Norman L. Jacobson

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Effects of supplemental dietary calcium and vitamin D on lipid distribution and aortic mineralization were examined in young goats. Twenty-four goats, 2-4 wk of age, were allotted one of four dietary treatments for a 20-wk period and fed a basal milk diet (Basal), a calcium-supplemented diet (Basal + Ca), a cholecalciferol-enriched diet (Basal + D3) or a(More)
To examine the effects of amount of calcium and type of fat in the diet on distribution of cholesterol in plasma, several tissues and feces, 4-week-old goats (6 females and 18 males) were fed isocaloric diets consisting of goat milk supplemented with cholesterol and 1) soybean oil, 2) tallow, 3) soybean oil and CaCO3 or 4) tallow and CaCO3 for 20 weeks.(More)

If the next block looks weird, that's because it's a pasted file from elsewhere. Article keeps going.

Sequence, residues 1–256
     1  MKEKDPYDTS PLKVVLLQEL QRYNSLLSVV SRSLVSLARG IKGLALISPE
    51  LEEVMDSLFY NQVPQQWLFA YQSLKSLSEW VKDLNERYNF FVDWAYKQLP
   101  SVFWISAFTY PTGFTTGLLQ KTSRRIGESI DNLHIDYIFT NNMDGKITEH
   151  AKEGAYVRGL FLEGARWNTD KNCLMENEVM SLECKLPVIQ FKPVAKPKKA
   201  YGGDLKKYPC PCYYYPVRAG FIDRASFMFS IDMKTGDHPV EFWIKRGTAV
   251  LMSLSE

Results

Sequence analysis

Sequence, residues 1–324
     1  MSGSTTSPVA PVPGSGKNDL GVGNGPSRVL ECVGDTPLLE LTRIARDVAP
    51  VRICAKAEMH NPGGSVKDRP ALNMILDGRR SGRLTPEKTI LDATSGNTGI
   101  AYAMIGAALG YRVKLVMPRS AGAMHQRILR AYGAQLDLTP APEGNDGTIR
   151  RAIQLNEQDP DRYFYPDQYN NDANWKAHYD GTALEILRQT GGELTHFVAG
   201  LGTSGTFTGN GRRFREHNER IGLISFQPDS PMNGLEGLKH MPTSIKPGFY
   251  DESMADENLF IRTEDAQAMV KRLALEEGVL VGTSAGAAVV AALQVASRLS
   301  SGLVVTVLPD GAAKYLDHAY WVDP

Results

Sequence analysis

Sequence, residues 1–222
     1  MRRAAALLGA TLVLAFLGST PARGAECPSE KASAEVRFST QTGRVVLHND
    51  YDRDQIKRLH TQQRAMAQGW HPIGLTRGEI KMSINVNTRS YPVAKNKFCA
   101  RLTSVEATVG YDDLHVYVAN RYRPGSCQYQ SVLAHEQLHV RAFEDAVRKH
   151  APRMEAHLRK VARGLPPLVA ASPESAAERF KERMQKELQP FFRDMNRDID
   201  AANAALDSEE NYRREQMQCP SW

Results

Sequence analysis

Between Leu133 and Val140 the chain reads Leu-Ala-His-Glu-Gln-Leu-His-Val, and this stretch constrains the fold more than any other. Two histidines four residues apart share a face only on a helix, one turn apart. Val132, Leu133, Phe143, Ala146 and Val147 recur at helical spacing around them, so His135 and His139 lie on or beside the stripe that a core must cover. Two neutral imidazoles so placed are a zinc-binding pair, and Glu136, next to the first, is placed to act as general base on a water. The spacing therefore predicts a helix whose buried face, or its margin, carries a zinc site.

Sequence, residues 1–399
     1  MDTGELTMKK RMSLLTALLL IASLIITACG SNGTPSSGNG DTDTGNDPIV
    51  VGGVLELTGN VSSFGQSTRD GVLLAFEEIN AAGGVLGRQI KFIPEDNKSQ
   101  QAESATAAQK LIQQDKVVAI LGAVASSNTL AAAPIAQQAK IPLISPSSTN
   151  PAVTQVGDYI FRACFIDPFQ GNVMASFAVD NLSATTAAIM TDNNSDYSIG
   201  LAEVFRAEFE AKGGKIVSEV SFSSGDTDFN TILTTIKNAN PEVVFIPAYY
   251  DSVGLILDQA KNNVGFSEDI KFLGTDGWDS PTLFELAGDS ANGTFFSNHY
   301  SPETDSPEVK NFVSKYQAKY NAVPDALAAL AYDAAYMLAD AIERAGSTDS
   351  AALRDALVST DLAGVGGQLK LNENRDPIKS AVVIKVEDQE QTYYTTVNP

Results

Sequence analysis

Sixteen male Holstein calves consumed by nipple a reconstituted milk containing nonfat dry milk and either soybean oil or tallow for 24 weeks. Calves fed milk in this manner (with no dry feed) are functionally nonruminants because the milk bypasses the ruminoreticulum. The fat in these diets contributed about 30% of total dietary calories. The calves(More)
Twenty-four male goats, approximately 2 to 4 wk of age, were allotted to four dietary treatments in a 2 X 2 factorial design and were fed a basal milk diet at 12.5% body weight for 20 wk. Vitamin D3 was added to the milk in two different amounts with and without supplemental CaCO3. At the end of wk 7, corn was added to all diets at 1% body weight. Over 20(More)
1. Young goats were used to study factors contributing to atherosclerosis. 2. Cholesterol in egg yolk affected plasma cholesterol concentration more than did a similar amount of crystalline cholesterol in the diet. 3. Goats fed high fat diets developed fatty lesions in their aortas. 4. Cholesterol concentration in low-density lipoprotein was greatest in(More)